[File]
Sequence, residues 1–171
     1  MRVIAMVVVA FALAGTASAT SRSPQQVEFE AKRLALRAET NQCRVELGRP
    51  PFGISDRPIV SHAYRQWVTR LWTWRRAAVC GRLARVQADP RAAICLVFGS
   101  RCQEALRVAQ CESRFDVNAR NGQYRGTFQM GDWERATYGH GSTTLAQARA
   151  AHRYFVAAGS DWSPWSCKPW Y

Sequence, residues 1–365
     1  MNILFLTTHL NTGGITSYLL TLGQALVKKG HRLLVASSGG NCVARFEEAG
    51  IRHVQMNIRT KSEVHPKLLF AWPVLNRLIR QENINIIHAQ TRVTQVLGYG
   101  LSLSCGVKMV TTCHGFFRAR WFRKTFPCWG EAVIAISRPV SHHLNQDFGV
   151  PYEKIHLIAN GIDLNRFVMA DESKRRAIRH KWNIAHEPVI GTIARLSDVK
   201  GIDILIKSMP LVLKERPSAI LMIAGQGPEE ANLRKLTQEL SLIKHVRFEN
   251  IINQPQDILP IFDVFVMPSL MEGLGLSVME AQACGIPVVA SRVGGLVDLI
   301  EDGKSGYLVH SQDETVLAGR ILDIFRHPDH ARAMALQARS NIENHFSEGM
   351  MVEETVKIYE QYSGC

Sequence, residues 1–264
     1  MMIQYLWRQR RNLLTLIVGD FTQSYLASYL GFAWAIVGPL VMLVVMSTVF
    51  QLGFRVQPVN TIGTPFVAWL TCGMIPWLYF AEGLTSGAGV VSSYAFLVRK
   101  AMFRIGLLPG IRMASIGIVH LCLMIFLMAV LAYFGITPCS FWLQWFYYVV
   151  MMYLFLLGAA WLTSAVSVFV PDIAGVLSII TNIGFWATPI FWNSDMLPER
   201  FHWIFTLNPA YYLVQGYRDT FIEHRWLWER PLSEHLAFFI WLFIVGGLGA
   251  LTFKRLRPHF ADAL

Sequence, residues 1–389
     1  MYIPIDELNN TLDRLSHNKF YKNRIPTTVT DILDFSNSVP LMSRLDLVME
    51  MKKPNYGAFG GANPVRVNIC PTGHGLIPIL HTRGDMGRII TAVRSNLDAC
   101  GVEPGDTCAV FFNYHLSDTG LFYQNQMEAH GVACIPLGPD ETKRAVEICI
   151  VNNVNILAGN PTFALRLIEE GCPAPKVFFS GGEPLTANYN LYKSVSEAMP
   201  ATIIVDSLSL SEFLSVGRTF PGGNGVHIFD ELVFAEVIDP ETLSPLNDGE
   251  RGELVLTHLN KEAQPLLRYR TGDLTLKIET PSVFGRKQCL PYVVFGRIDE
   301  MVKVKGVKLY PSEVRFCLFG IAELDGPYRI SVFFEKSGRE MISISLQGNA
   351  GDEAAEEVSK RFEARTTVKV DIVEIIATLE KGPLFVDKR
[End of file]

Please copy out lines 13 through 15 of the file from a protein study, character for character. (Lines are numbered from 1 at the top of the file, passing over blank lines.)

   301  EDGKSGYLVH SQDETVLAGR ILDIFRHPDH ARAMALQARS NIENHFSEGM
   351  MVEETVKIYE QYSGC

Sequence, residues 1–264